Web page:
Forest Park playwright/actor Kevin Bry has brought a forgotten chapter in Oak Park history to life. His play, The Ebony Streak, premiered at OPRF High School’s Little Theater on Nov. 6. It tells the poignant story of Lewis Pope who starred on the OPRF football team in 1937 when they were one of the top teams in the country. Pope was denied the opportunity to play in a national showcase game in Miami, Florida because he was Black.

The Ebony Streak takes place in an era when reporters could use a person’s race to bestow a nickname. Lewis was the only Black student on the team. He played in the offensive backfield and was one of the team’s fastest players. His dream of playing Division I football were within reach. 

Pope was born and raised in Oak Park. His single mom, Lava Pope, worked as a domestic. They lived with her parents and Lew’s two siblings. Pope attended Whittier School and went on to OPRF where he was very popular with his fellow students.

Back then, the OPRF football team was a national powerhouse. Miami Central High School invited OPRF to play on Christmas Day in their new stadium, where the Orange Bowl was played. Florida law prohibited their scholastic teams from competing against teams that had a Black player. Would OPRF allow the team to play under these conditions, or decline the invitation?

Actors read letters that were sent to the high school and the local newspaper, calling on OPRF to forgo the game. The letters came from average Oak Parkers as well as Black luminaries like Dr. Percy Julian. OPRF even received a letter from the NAACP’s New York office urging the school not to play.

OPRF’s Principal McDaniel, though, was in favor of playing, and Football Coach Holmes told Pope he would not be traveling with his teammates to Miami. Pope was devastated but handled it graciously. He didn’t want his teammates to miss the game. His reward was to announce the score of the game at a school assembly via tickertape. It ended in a 6-6 tie.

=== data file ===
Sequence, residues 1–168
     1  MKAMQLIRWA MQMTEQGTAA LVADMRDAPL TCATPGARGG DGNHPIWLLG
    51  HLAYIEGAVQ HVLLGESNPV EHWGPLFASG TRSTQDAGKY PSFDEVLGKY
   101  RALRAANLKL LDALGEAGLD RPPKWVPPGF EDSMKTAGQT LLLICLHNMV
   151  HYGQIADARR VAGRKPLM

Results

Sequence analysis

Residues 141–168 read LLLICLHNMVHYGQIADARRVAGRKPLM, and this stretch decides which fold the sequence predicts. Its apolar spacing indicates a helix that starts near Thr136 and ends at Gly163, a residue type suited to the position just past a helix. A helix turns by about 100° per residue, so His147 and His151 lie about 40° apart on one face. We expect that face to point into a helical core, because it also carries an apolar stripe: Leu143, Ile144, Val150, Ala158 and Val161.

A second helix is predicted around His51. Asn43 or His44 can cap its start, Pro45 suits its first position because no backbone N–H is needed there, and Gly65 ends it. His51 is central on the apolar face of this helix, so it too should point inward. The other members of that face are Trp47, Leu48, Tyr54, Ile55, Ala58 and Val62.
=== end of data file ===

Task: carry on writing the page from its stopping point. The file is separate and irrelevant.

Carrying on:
At graduation, Pope received the biggest applause of any student. He went on to Lincoln University, a traditional Black college in Missouri. Pope was teased there for his proper way of speaking. He transferred to the University of Iowa, where he sat out a year before he could join the football team. Then fate intervened again — Pope was drafted into a segregated unit of the Army Air Force to fight in World War II. 

After the war, Pope moved to Boston and started a family. He also started his own businesses, which included nightclubs and restaurants. In 1996, he was invited back to OPRF to accept the high school’s Tradition of Excellence Award for being an outstanding business leader. Pope died in 1998. Based on viewing an oral history video of that Pope taped during his return visit, Bry made him the play’s narrator. 

Bry also conducted research at the Historical Society of Oak Park-River Forest, where he found the letters to the newspaper and the high school. He wrote the play in 2022 and 50% of the dialogue is what the characters actually said. He received financial support to stage the play through a partnership between the historical society and the OPRF Alumni Association. 

The play featured nine performers, including Bry’s son, Robert Hunter Bry, playing the “Young Lewis.” Principal McDaniel was portrayed by Frank Lipo, executive  director, of the historical society. After the conclusion of the 35-minute play, five actors took the stage for a panel discussion with the audience.

There are no immediate plans to re-stage The Ebony Streak but several audience members believe it should be performed for current OPRF students. 

I’m sure Lewis Pope would approve.

John Rice

John Rice is a columnist/novelist who has seen his family thrive in Forest Park. He has published two books set in the village: The Ghost of Cleopatra and The Doll with the Sad Face.